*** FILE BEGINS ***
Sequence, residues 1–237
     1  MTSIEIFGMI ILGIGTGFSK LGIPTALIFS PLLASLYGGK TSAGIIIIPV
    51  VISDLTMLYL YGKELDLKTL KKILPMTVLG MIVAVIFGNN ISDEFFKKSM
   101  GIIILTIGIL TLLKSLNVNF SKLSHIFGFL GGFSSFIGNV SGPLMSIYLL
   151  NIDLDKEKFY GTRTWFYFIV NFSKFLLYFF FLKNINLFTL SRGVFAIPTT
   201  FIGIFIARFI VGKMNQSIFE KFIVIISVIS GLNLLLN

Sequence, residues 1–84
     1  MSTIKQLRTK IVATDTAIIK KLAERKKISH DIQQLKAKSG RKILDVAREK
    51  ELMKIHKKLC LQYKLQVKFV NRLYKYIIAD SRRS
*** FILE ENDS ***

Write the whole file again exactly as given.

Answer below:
Sequence, residues 1–237
     1  MTSIEIFGMI ILGIGTGFSK LGIPTALIFS PLLASLYGGK TSAGIIIIPV
    51  VISDLTMLYL YGKELDLKTL KKILPMTVLG MIVAVIFGNN ISDEFFKKSM
   101  GIIILTIGIL TLLKSLNVNF SKLSHIFGFL GGFSSFIGNV SGPLMSIYLL
   151  NIDLDKEKFY GTRTWFYFIV NFSKFLLYFF FLKNINLFTL SRGVFAIPTT
   201  FIGIFIARFI VGKMNQSIFE KFIVIISVIS GLNLLLN

Sequence, residues 1–84
     1  MSTIKQLRTK IVATDTAIIK KLAERKKISH DIQQLKAKSG RKILDVAREK
    51  ELMKIHKKLC LQYKLQVKFV NRLYKYIIAD SRRS